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Property investors get refund deal on stalled Dubai project

Investors in Dubai’s Palm Springs project said that property developer Damac has started refunds on payments made for their uncompleted properties.

Buyers on the Palm Jebel Ali project, who have waited eight years for construction to begin, were previously offered a 70% refund of their deposits, or 25% immediately followed by a further 25% annually for the next three years.

Of the 48 investors involved, 21 have received payment, and a further 27 are expected to receive their cheques in the next two weeks.

‘We received cheques for almost half of the investors. The cheques for the other half are in the process of being arranged,’ said Fareya Azfar, partner and head of arbitration at The Legal Group, who advised the investors.

‘The group of investors believed that a partial refund was not a fair compensation, so they wanted us to negotiate with Damac in the hopes of reaching a more acceptable settlement,’ he explained.

Investors had initially hoped to receive compensation for their lost investment, but settled out of court with the developer in a bid to avoid a lengthy legal battle.
‘The investors are pretty satisfied. They were told that we don’t know of any developer in United Arab Emirates who gave a 100% refund in one payment without a court case initiated against them,’ he added.

Announced during Dubai’s real estate boom, Palm Springs was designed to be a 25 storey beachfront development located on Nakheel’s Palm Jebel Ali island, but stalled in the wake of the emirate’s real estate crash.

Damac had attempted to cancel the project in 2008, but the move was fought by investors in the Middle East and the UK. Damac later agreed to reinstate the development, and wrote to investors last year to say it was in discussions with Nakheel, and a decision on Palm Springs would be made in December.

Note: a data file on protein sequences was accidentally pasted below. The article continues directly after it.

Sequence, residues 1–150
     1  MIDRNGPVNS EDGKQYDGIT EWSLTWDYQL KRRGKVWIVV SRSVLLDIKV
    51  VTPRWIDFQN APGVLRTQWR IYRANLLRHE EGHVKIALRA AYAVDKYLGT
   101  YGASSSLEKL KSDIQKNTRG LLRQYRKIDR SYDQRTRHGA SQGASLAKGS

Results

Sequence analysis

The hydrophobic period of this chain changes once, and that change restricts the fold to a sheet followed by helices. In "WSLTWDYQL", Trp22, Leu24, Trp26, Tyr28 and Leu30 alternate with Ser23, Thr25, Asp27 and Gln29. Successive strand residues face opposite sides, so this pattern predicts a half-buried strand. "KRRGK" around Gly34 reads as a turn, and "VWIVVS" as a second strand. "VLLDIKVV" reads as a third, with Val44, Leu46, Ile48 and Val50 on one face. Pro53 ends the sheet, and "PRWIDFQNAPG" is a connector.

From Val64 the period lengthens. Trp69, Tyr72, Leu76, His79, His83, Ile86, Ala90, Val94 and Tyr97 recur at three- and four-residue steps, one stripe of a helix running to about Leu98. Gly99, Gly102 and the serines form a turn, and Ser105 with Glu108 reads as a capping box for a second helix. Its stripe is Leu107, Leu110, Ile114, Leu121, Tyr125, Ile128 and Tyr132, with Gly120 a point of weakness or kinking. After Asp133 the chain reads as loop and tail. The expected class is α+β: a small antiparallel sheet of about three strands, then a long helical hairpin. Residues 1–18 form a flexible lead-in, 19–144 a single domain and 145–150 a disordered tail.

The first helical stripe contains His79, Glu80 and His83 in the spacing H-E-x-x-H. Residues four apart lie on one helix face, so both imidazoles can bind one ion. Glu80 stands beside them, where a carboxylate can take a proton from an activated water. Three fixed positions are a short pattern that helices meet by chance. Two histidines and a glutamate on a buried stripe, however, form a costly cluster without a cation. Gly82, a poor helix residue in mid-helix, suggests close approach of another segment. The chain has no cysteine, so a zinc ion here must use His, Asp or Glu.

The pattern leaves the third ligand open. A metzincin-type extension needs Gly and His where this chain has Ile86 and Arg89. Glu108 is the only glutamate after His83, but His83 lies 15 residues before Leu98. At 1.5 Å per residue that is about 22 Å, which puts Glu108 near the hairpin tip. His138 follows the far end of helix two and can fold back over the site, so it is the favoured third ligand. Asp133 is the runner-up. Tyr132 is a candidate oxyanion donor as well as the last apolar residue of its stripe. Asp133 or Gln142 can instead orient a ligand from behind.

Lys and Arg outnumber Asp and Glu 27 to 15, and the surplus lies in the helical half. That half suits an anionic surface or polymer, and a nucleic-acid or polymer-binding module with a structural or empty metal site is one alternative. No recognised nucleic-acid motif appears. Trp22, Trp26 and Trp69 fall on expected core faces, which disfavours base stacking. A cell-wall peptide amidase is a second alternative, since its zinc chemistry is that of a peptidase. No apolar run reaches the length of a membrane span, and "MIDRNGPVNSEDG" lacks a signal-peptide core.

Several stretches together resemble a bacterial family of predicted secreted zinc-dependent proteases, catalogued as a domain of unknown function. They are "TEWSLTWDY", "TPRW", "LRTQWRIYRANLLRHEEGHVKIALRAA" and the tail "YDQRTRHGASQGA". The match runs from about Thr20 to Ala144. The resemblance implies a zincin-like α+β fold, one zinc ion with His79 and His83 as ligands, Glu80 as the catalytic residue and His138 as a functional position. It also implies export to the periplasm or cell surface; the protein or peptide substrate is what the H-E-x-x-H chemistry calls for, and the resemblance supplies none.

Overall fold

In a statement Niall McLoughlin, senior vice president of corporate communications at Damac, said the company had been committed to solving the dispute and was happy to have reached an agreement.

Meanwhile, investors in Dubai’s Remraam Community have petitioned the emirate’s ruler to intervene in a dispute with the project’s developer, after they were told they risked fines if they failed to accept the handover of properties in the unfinished complex.

The development was scheduled to be completed in June 2010, complete with pools, malls, landscaping and retail features but owners said in a petition to the Ruler’s Court that they were being forced to accept properties without water and electricity connections.

Buyers have also asked for compensation for losses incurred during the delay of the handover, such as interest on mortgage payments.

‘We are being forced to take possession of half baked apartments and communities in Remraam, which is in the middle of the desert with no amenities and no DEWA. The electricity is provided through generators,’ said a spokesperson for the action group.

Developers DPG said the basic infrastructure for the project was in place, and denied charging home owners service fees before their units had been transferred.

It added that it has tried to help buyers who are struggling to meet payments.‘We have offered a series of initiatives to help our customers that include price reductions, unit upgrades, late payment fee waivers, family consolidations, deferred payment plans etc,’ the statement said.